Classic TV Show's Revival Not Moving Forward at ABC

ABC's attempt to revive the classics of the early '90s has come to an end. According to Deadline, the L.A. Law sequel series has joined the network's NYPD Blue sequel in the vault, with ABC passing on the pilot starring the returning Blair Underwood.

Underwood would've reprised his role as attorney Jonathan Rollins and executive produced the series. A pilot has been created and won't be reworked at ABC, opening the door for other outlets to pick it up potentially.

According to Deadline, the pilot seemed to suffer from trying too hard to live up to expectations for the Steven Bochco revival, similar to how his NYPD Blue tried to resurface. Underwood received praise, though, in his return. He would've been joined by Corbin Bernsen's return as Arnie Becker and a slew of new stars to fill out the cast. According to Deadline, this includes Hari Nef, Toks Olagundoye, Ian Duff, John Harlan Kim, Juliana Harkavey and Kacey Rohl.

The pilot would have positioned the show's iconic law firm, McKenzie Brackman, as a firm specializing in high-profile cases that are grabbing headlines and creating outrage. Going by the name Becker Rollins, named for Bernsen and Underwood's characters, would've set the show up to tackle some of the more hot button issues we see daily.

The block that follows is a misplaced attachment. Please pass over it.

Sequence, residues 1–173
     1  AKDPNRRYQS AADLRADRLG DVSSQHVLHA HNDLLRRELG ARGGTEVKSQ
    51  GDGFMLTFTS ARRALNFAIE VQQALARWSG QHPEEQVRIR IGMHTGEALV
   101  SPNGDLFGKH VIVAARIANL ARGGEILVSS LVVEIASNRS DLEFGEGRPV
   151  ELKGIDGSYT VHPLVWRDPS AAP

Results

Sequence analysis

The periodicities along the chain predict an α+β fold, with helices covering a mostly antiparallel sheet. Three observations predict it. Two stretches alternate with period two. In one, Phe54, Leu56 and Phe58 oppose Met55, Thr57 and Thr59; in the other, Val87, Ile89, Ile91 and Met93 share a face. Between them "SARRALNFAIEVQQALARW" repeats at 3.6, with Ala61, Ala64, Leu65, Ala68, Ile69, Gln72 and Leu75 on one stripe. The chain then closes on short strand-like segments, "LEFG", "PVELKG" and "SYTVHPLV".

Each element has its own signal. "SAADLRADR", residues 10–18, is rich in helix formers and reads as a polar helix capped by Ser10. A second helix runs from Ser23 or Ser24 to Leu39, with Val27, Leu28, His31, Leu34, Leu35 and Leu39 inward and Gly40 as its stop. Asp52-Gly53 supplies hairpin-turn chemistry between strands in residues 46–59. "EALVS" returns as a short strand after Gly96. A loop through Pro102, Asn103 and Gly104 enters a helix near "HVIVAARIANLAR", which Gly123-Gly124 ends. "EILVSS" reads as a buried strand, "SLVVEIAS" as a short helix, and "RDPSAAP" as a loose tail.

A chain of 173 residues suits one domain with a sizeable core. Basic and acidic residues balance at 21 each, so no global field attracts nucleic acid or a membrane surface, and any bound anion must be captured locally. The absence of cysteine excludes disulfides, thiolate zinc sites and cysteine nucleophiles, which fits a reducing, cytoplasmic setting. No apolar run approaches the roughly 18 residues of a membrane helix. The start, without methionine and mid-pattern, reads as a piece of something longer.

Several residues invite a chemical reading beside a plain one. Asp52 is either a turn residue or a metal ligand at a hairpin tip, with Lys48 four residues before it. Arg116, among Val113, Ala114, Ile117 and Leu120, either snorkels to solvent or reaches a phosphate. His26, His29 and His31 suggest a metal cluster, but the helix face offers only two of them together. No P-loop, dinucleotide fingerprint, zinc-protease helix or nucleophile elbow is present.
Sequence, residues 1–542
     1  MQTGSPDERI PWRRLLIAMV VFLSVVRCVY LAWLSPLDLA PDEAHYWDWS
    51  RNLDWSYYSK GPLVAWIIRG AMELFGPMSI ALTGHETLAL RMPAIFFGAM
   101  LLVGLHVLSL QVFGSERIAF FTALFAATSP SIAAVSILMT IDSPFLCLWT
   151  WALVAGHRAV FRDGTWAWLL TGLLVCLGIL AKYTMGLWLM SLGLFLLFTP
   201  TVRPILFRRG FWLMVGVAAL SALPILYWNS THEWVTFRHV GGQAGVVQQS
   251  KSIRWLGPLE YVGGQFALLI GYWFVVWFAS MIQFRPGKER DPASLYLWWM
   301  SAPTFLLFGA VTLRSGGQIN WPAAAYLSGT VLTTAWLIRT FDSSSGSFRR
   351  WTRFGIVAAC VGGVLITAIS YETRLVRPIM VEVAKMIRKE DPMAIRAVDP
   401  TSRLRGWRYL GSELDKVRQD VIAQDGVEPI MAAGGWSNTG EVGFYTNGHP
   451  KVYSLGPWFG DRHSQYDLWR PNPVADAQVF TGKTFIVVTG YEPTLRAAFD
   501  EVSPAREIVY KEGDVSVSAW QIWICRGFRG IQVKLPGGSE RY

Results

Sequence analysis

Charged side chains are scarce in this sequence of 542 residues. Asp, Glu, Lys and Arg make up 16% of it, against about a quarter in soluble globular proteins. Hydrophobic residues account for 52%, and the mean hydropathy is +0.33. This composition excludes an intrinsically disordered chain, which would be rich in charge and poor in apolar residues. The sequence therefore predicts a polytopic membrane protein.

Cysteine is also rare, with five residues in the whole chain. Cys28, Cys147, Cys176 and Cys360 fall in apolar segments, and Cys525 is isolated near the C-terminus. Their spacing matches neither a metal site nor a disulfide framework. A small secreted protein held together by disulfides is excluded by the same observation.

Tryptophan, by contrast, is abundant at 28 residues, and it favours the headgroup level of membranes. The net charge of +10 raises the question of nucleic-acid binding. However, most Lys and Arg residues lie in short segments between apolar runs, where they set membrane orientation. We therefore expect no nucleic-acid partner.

So now L.A. Law's revival joins the likes of Coach, The Powerpuff Girls, Murphy Brown, and two attempts at The Fugitive. It is also Underwood's second failed revival following 2013's Ironside reboot with Underwood in the titular role made famous by Raymond Burr. L.A. Law isn't completely dead just yet, in any case. The door is still open for another network or streaming service.


Saved By the Bell earned itself two seasons at Peacock. Could L.A. Law's revival make a return there too? The original aired its run on NBC from 1986 until 1994, so it would be fitting. With the passing of Steven Bochco in 2018, his influence would be far away, so capturing what made the show special in those prized years might be gone.